Re: C64 GS

From: Marko Mäkelä <>
Date: Tue, 30 Dec 2014 14:48:48 +0200
Message-ID: <20141230124848.GD1536@x60s>
On Tue, Dec 30, 2014 at 11:58:32AM +0000, smf wrote:
>Converting from one format to another is not like a version control 
>system at all.

True, and that is not what I suggested.

We have 2 independent problems here. I was thinking of one of them, but 
mentioned the other one as an anecdote.

Problem 1: Multiple slightly different revisions of the same code base 
(say, Commodore 64 KERNAL versions).

Problem 2: Multiple different assembler formats.

AFAIU, branches in version control are a perfect match for the first 
problem. For example, at work we have multiple branches of the code 
base, for each major version. Sometimes, bug fixes are ported between 
branches. When a release from a branch approaches, a release clone is 
made. Sometimes, bugs are found during the release cycle. Such bugs will 
be fixed in the release clone and then merged back to the relevant 
development branches.

In this case, we have an additional rule that each branch must compile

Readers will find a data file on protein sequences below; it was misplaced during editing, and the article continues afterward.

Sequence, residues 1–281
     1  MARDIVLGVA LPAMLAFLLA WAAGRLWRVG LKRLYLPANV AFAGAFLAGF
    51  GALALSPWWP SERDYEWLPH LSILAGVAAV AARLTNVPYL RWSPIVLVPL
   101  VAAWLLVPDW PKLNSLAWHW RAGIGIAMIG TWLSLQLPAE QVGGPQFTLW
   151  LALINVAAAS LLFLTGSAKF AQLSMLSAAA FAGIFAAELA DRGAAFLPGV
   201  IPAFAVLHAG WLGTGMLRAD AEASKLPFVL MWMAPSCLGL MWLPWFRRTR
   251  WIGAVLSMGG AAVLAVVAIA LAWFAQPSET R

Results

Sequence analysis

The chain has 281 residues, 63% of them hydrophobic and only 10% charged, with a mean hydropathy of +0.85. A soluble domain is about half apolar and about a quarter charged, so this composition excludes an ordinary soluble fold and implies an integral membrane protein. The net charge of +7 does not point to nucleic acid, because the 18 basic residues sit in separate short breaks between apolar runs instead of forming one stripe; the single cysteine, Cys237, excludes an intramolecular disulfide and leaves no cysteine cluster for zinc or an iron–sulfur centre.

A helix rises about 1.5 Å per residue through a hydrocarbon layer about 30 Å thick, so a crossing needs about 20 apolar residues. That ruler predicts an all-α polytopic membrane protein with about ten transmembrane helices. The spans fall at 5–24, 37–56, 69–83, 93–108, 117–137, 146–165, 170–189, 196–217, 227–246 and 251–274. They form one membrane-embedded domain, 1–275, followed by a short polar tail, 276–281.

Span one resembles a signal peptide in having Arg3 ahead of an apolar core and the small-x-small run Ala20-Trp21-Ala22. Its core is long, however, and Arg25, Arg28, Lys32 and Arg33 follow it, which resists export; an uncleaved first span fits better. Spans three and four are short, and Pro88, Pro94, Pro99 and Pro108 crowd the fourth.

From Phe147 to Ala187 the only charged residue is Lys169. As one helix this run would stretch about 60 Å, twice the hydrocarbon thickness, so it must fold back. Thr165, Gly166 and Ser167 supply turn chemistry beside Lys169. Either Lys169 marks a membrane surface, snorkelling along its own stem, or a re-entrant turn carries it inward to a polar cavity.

to a predefined output (the binary files). Other than that, it is not 
much different from how branches are normally used in version control 

This blog post explains some best practices for using branches:

I agree that for Problem 2, a workable solution could be to have 
translators for the desired output formats. It does not usually make 
sense to keep any generated code inside a version control repository. A 
special case of this solution is to agree on one format, and let anyone 
who disagrees worry about translations.

>With multiple branches you have to do work manually, with a tool to 
>convert them you make one change and it's available in all of them.

Your comment is valid for Problem 2 (multiple output formats), not for 
Problem 1 which is what I had in mind.

When merging (say) changes to comments or constants between branches, 
there could be conflicts that have to be resolved manually. Some branch 
might not implement the functionality referred to by a comment or 
constant, for example.


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Received on 2014-12-30 13:00:05

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